Existing section 88 of the Act deals with variations to an
AusLink Roads to Recovery List. Section 88 allows the Minister to
redirect funds from designated recipients to other recipients under
certain circumstances. An example is where a council is abolished
under an amalgamation. The Minister may redirect funds from the
abolished council to the successor council.
Item 6 inserts a new subsection
88(2A). This relates to the situation where the Minister
is yet to decide who fund recipients will be [see new
subparagraph 87(2)(b)(ii) above]. The effect of
new subsection 88(2A) is to allow the Minister to
subsequently direct some or all of the unassigned funds (the
Explanatory Memorandum uses the word preserved to refer to such
funds) to recipients once the Minister has decided who the
recipients will be. New paragraph 88(2A)(a)
provides that if an AusLink Roads to Recovery List includes a
statement with undesignated recipients, and the Minister
subsequently considers that recipients can be designated
[new paragraph 88(2A)(b)], then the Minister may,
by legislative instrument, change the List to direct funds to the
designated recipients. As is the case for the relevant amendment in
item 3, the disallowance provisions of the
Legislative Instruments Act 2003 do not apply to the
Minister s actions.
Items 9 and item 10 permit
payments under the Roads to Recovery program to be made until 30
June 2014, rather than only to 30 June 2009 as is the case now.
Driver fatigue is a major concern affecting all categories of
road user. Whilst the
trend in the number of deaths associated with articulated
trucks has been falling for some time, the number has risen
recently. Motoring organisations such as the NRMA
in NSW and the
Australian Trucking Association have advocated more rest stops
for some time. The proposed Vehicle Safety and Productivity Package
should contribute to a reduction in driver fatigue and hence
accidents involving heavy vehicles.
Not charging heavy vehicles for the full cost of the damage they
cause to roads is inimical to an efficient freight industry. The
consequence of not recovering costs in full is that heavy truck
operators especially of B-doubles are being subsidised. The
National Transport Commission estimated the value of this subsidy
to be around $168
million annually. This may adversely affect the rail freight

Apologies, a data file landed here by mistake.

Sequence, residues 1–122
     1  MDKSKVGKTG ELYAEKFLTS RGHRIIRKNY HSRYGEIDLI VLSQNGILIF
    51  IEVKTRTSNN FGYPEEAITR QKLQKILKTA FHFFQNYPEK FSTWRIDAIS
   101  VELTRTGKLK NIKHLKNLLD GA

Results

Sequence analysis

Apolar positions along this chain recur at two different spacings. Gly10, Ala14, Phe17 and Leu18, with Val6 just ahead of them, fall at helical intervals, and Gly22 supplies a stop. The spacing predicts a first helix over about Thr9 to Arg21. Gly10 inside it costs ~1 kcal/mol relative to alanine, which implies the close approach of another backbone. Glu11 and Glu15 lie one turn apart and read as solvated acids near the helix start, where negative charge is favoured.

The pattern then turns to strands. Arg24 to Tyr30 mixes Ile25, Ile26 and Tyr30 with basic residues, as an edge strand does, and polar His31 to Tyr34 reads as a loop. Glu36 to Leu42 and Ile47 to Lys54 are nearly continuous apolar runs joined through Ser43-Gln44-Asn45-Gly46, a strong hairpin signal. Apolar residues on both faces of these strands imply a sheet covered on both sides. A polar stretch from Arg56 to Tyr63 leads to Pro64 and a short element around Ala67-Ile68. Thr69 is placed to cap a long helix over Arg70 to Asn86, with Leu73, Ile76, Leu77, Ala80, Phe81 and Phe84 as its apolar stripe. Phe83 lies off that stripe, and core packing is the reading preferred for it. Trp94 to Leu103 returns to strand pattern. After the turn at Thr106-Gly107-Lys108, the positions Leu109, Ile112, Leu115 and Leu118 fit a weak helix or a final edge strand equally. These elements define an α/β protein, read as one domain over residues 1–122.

industry because heavy trucks, notably B-doubles, compete most
directly with rail freight. While the Productivity Commission in
its report titled
Road and Rail Freight Infrastructure Pricing concluded that the
claim that road is subsidised relative to rail is not compelling,
and shortcomings exist in the way road cost recovery is calculated,
the general principle on which transport charges and taxes are
based, remains. This principle holds that the service user should
pay the full cost to society of providing the service. An efficient
freight industry requires that this principle apply to road and
Although the Minister for Infrastructure, Transport, Regional
Development and Local Government said that the funding of rest
stops etc. is contingent on the passage of the previously defeated
bills, this Bill commences after Royal Assent and there is nothing
in this Bill reflecting this contingency.
2 September 2008
Bills Digest Service
© Commonwealth of Australia
This work is copyright. Except to the extent of uses permitted
by the Copyright Act 1968, no person may reproduce or transmit any
part of this work by any process without the prior written consent
of the Parliamentary Librarian. This requirement does not apply to
members of the Parliament of Australia acting in the course of
their official duties.
This work has been prepared to support the work of the Australian
Parliament using information available at the time of production.
The views expressed do not reflect an official position of the
Parliamentary Library, nor do they constitute professional legal
Feedback is welcome and may be provided to: email@example.com. Any
concerns or complaints should be directed to the Parliamentary
Librarian. Parliamentary Library staff are available to discuss the
contents of publications with Senators and Members and their staff.
To access this service, clients may contact the author or the
Library’s Central Entry Point for referral.
Back to top